Mike Ditka, the former star linebacker and later coach of the Chicago Bears, used to wistfully joke that the team's original tight-fisted owner, George Halas, "threw nickels around like manhole covers."
I think about that and the scale of things every once in a while, when I put on the tux and rub shoulders with media titans who breathe different air than you and I. There's that great New Yorker
cartoon of Rupert Murdoch, unable to work through some glitch on his personal computer, on the phone saying, "Let me talk to Bill Gates." It's hardly ever far from my mind that I get to write about, talk to, and even kind of hang around with men and (still ever so rarely) women who deal in a world of hundreds of millions and, yes, billions, of dollars.
Last week, for example, a roomful of television types, turned up at the St. Regis Hotel for the American Museum of the Moving Image black-tie dinner honoring Cox Communications President and CEO Jim Robbins and NBC Chairman Bob Wright.
First, there was the mix of the crowd, for even as the business of broadcasting and the business of cable come together, they are still two communities that rarely do.
That night at the pre-dinner cocktail party though, it was hard to miss the fact that the cable guests—powerful folks like Lifetime's Lynn Picard, Discovery's John Hendricks and Landmark's Decker Anstrom—were there mainly for Robbins, while a bunch of broadcast execs (all from NBC) and talent (especially brilliant Saturday Night Live
comedian Darrell Hammond) were there for Wright.
With no slight to Robbins, though, this was Wright's night, a great big celebration of a great big deal. That very day, NBC announced it had officially sewed up its $14 billion transaction to take over Vivendi Universal Entertainment (VUE), making Wright the master of three more cable networks, the keyholder to theme parks, and the biggest mogul at the great big Universal movie studio. It's impossible to say that every one of the hundreds of guests was in a jovial mood—Saturday Night Live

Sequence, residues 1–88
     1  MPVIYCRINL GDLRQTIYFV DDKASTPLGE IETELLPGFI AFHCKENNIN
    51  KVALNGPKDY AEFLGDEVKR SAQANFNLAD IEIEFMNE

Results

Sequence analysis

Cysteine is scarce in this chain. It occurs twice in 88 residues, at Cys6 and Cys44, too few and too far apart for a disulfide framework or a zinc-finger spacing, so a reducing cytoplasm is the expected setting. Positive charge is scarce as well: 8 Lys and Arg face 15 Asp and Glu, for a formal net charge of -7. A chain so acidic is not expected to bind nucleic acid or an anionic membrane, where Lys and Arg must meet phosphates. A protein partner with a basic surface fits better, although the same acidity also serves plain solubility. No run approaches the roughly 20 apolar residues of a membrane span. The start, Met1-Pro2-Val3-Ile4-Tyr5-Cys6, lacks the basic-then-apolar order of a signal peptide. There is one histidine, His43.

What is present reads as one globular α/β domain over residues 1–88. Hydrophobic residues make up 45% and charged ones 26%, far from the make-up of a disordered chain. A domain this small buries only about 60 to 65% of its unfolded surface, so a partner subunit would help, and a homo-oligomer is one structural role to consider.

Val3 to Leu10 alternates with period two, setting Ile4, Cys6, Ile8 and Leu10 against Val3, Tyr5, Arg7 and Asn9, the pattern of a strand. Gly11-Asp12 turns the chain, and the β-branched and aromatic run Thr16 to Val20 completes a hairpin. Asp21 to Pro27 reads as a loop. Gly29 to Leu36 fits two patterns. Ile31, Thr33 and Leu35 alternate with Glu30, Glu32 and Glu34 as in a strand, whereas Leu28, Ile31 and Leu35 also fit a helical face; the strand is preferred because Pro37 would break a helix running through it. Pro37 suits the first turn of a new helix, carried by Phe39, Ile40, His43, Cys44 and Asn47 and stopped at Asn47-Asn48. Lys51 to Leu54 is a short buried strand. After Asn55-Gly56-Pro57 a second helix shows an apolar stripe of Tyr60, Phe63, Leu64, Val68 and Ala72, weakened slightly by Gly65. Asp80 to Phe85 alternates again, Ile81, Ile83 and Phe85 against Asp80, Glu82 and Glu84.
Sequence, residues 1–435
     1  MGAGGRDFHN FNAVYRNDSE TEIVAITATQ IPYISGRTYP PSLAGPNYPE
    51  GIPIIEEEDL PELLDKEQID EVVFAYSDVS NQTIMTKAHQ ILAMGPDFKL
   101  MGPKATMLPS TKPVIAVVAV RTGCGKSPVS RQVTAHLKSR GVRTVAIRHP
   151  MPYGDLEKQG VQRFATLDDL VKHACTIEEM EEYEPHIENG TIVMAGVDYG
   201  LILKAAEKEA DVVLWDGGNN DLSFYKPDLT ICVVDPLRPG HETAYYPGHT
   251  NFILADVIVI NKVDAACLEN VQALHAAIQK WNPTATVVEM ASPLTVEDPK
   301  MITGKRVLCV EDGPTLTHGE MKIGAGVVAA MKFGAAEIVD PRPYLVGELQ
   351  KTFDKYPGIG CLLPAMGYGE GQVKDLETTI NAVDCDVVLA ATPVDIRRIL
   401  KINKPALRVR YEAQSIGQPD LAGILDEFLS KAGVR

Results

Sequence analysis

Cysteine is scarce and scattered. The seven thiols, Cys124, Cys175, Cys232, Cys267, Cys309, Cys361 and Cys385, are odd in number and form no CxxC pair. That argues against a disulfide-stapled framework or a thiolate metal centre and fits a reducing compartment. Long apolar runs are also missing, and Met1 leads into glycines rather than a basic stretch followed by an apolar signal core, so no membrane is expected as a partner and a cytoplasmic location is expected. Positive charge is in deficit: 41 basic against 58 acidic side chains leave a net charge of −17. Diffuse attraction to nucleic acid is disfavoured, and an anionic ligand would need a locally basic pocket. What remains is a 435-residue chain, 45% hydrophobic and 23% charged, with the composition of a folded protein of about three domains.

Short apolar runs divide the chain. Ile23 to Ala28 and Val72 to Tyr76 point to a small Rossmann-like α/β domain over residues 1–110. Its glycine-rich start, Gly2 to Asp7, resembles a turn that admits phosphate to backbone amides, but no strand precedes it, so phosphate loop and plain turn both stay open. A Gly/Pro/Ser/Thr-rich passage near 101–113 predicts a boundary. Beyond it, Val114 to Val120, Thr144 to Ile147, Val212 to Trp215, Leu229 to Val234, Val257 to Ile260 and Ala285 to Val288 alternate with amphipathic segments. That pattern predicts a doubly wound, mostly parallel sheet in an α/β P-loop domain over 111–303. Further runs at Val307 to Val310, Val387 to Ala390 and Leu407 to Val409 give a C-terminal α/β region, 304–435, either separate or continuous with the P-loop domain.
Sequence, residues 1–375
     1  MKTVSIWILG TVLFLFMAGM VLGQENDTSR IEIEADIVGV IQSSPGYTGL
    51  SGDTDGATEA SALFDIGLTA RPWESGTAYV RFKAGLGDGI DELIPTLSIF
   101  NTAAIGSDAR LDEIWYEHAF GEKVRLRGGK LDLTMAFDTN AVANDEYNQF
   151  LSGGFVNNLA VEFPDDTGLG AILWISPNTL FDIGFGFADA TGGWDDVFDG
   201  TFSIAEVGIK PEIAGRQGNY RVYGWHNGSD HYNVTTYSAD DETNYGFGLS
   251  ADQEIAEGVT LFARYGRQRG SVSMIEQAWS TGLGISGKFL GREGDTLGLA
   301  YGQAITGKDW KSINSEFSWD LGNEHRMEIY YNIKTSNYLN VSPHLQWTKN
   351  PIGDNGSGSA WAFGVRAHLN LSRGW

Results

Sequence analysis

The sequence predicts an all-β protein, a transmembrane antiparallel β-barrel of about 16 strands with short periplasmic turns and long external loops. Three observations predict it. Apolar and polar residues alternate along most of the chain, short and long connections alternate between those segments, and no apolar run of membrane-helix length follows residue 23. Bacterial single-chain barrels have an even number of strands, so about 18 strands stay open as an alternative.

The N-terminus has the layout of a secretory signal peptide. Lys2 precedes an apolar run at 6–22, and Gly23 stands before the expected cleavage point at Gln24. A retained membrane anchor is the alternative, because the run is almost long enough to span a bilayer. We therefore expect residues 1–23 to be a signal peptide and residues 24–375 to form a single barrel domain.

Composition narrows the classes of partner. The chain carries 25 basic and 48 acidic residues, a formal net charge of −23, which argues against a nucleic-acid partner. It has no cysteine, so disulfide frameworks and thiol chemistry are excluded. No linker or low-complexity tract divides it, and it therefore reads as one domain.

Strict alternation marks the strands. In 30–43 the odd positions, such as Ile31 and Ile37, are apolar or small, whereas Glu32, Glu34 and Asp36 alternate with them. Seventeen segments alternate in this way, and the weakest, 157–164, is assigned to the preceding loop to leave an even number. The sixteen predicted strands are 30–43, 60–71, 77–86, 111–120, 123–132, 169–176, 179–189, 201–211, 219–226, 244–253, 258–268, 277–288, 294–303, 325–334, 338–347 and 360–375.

executive producer Lorne Michaels jokingly lamented that he gave up great tickets to the first game of the Yankees-Red Sox playoff series to kiss up to the boss—but it sure seemed as though the night would end with a fireworks display on Fifth Avenue.
For Wright, who was the presumably empty-suit/manhole-cover–tosser who replaced the legendary Grant Tinker in 1986 when the network was acquired by General Electric, all of this must be not just exciting but enormously gratifying.
Wright, it was once generally conceded, knew nothing about television, except for a short stint at Cox cable. (Coincidentally, he briefly had Robbins's job.) Mainly, he was thought of as a light-bulb guy. Last week, Wright even joked about that. At the dinner, when former NBC President Bob Schlosser gave him an elaborately wrapped book as a gift, Wright asked if it was The History and Invention of the Toaster. It used to be that David Letterman made a joke like that about Wright every other night.
No doubt, the quick expansion of NBC's empire must have a lot of executives, and even some stars, figuring out how they'll fit in. During the cocktail party, we saw Connie Chung and her husband, Maury Povich, star of the Universal syndicated talk show, hustle over to the table where NBC Enterprises chief Ed Wilson was taking visitors. "Connie!" Maury exclaimed, "you have to meet my new boss."
Wright kept the whole night a celebration. But he did make it clear that whatever synergies (read: layoffs) NBC Universal might enact, the key players at Universal were still crucial.
In his brief remarks, Wright saluted Ron Meyer, the VUE president and COO who has kept Universal Studio humming through successive, sometimes ruinous regimes. "Ron came in when it was owned by a Japanese appliance company that sold it to a liquor company that subsequently sold it to a water-treatment company," Wright joked. It was a laugh line that was completely accurate, and perfect—because Universal has a new future, and it starts with the night's honoree. This was Bob Wright's night. And this is really Bob Wright's NBC. It started last Wednesday.
Bednarski may be reached at